The Free Culture X Conference and Unconference took place the past 13th and 14th of February at the George Washington University, in Washington, DC. I had the privilege to attend thanks to a travel grant from the generosity of Google, Mozilla and Shareable.
As they define it, its vision is to bring together student activists and free culture luminaries to discuss free software and open standards, open access scholarship, open educational resources, network neutrality, and university patent policy, especially in the context of higher education.
Below there is a summary of the notes I took during the conference. It doesn’t aim to be complete nor precise, but I hope it will provide an idea of what did we discuss about.
During the different keynotes and panels, we used, apart from the classical hand-up, the backchan.nl tool for audience intervention during conferences. Better than a massive Twitter, IMO.
After a short introduction, we started discussing about the politics of open networks. It was pointed out that we need to come up with a clear definition of net neutrality and push the ISPs to implement the policies we want. The politics-related meetings about net neutrality often include a lot of industry representation, but seldom people from other sectors of the population, which are also affected, as university campuses or consumers’ groups.
The three-strikes law to cut the access to the Internet can become extremely harmful in contexts where it’s being used as a platform for services like VoIP or TV, disconnecting the affected user completely, unable to make even emergency calls.
In general, the existence of a competitive market of ISPs, like the one in England, contributes to the natural enforcement of the net neutrality.
Controversely, one of the panelists, Timothy B. Lee, exposed his ideas about how to preserve the net neutrality without law regulations. You can read more about his ideas, and a quite long and in-deep paper, in his blog.
I’ve recently read bad news about net neutrality in Spain. Some of the major ISPs operating in the country, like Telefónica or Vodafone, claim a monetary compensation from companies that use their infrastructures for their business, like search engines, mobile apps distributors, or VoIP companies. I personally oppose the Internet to become another TV.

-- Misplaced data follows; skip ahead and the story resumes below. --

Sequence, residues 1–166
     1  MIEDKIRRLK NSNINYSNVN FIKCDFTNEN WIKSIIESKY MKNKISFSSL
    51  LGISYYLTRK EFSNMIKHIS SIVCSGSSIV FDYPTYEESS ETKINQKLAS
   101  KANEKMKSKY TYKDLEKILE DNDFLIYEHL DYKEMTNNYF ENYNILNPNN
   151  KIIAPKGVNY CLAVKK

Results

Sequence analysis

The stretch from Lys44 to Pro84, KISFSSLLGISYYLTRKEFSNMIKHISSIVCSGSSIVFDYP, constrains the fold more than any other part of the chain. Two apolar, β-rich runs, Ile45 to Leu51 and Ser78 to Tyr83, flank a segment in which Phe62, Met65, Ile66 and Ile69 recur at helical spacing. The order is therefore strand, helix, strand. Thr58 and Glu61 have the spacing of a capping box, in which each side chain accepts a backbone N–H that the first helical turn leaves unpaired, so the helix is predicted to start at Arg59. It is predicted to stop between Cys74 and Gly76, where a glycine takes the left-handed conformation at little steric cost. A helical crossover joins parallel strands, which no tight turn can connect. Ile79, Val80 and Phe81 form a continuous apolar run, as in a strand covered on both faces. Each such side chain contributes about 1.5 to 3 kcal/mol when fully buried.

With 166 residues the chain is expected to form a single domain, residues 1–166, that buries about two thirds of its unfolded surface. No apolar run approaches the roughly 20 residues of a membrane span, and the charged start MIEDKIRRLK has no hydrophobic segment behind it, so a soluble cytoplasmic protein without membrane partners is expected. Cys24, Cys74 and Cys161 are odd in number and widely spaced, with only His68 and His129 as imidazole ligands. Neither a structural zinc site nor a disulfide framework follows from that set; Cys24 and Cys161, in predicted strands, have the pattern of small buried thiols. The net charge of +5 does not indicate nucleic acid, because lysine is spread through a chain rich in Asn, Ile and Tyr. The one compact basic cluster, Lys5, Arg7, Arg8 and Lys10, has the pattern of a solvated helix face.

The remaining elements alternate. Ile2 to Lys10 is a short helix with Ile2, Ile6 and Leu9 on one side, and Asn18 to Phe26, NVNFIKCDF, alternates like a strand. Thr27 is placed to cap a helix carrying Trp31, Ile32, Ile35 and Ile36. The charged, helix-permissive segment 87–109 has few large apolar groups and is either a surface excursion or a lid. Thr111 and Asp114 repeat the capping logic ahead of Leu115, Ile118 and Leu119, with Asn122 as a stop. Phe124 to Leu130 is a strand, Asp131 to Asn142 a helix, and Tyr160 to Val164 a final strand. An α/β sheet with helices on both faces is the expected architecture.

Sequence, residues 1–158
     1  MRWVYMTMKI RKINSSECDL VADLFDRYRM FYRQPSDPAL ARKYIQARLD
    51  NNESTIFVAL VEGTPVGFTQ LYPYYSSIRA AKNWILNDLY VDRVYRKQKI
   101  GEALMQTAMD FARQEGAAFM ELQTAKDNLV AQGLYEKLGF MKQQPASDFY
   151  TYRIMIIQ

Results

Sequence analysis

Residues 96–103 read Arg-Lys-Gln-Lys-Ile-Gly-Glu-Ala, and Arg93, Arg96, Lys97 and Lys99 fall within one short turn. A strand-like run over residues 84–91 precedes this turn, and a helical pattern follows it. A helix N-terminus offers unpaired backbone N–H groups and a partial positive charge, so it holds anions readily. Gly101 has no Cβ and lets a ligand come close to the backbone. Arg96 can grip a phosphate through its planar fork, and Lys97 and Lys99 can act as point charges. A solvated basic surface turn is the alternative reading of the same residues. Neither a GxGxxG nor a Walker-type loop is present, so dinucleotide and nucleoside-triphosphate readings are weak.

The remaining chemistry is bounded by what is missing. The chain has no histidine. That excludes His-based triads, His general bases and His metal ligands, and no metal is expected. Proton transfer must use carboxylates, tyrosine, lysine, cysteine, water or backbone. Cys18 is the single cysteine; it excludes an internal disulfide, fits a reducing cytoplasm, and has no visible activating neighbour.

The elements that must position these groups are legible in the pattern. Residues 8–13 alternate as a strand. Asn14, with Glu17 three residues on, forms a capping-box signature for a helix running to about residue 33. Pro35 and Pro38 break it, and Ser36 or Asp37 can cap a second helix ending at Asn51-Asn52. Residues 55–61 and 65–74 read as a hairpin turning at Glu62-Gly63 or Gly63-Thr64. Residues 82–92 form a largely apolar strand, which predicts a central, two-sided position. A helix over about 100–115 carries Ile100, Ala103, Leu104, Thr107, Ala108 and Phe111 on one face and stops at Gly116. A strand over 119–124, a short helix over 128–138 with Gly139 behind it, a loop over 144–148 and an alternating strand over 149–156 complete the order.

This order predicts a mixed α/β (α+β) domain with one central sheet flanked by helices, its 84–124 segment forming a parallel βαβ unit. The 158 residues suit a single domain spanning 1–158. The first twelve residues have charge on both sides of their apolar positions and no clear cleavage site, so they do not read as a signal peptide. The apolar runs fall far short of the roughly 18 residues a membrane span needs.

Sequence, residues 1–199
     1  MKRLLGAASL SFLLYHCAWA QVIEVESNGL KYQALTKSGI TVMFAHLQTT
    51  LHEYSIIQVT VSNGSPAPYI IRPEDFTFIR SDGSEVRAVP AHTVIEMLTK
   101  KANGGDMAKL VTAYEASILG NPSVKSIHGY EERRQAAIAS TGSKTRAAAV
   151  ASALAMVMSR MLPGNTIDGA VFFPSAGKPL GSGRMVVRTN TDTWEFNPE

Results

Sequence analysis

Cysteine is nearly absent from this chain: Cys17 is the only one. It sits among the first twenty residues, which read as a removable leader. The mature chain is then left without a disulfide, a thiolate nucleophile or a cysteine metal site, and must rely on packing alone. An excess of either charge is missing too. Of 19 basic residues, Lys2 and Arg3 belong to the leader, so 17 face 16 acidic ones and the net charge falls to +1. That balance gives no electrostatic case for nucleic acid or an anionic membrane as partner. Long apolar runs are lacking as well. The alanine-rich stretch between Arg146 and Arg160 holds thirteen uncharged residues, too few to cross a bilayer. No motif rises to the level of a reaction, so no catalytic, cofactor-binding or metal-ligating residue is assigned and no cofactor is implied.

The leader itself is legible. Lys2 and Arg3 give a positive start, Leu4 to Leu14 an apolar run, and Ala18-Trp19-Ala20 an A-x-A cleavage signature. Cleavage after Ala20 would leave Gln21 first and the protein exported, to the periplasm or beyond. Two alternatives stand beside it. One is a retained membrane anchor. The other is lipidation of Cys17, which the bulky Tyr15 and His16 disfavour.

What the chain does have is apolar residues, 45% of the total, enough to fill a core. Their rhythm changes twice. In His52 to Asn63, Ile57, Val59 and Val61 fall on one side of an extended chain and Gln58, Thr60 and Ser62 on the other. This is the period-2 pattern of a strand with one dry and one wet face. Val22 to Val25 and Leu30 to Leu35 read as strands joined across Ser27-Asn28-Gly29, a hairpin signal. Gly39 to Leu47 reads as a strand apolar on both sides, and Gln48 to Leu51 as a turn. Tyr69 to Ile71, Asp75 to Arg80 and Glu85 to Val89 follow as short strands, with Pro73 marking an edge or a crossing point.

Next, Pat Aufderheide directed a keynote about the concept of fair use to reuse and remix existing culture. Fair use is perfectly legal in the US and should be encouraged, even enlarging or modifying non-copying policies for homework in schools. There’s a lot of interesting material about fair use in the Center for Social Media website.
Moving on to the topic of Open Access and Access to Knowledge, it was pointed out that Open Access in public universities is low-hanging fruit and we should contact these universities to encourage them to adopt this model. The Open University Campaign, a Students For Free Culture project, contains valuable information about this. Also, the Right to Reseach Coalition is an excellent source of info about how to demand the research work paid with our taxes to come back to us without having to pay additional unfair fees.
Unfortunately, some countries lack from copyright exceptions for libraries and universities, and the changes in the law, usually promoted by the industry, always tend to make it more restrictive.
We need to take the discussion about Access to Knowledge from experts to the “family dinner”, explaining current common behaviour that is or would be illegal under the current laws, to make the public aware of how are they affected and take part in the legal discussions about copyright laws.
Also, it was pointed out that personal meetings, faxes and phone calls are much more effective than emails or Facebook campaigns to make the politicians hear our opinion.
The next panel was about Open Educational Resources (OER). Eric Frank, from Flat World Knowledge (FWK), told us that textbooks are a major portion of the tuition costs in some countries. Flat World Knowledge provides a platform to create, publish and distribute quality, peer-reviewed, customizable and flexible-licensing books that are freely accesible online and affordable as printed copies. The people from FWK have observed that, even when there’s a free printable copy of the book available, some students prefer to buy the book, which makes this publishing model presumably sustainable.
The Michigan University OER Team (Open.Michigan) is working on an impressive list of projects to enable groups and individuals to openly share their work. These are mostly collaboration tools, supporting the idea of that the knowledge is not just “transferred” from teachers to students, but something socially constructed. Some of the most interesting are dScribe, a framework to help faculty staff to gather available educational material, clear possible copyright restrictions over it (so it can be published legally under certain circumstances) and reuse it to create and publish new OERs; or OERca, the free software platform that powers most of the dScribe framework.
Finally, Timothy Vollmer, from ccLearn, told us about how CreativeCommons is helping to the development of OERs, the available tools for adequately tag content for further indexing and discovery.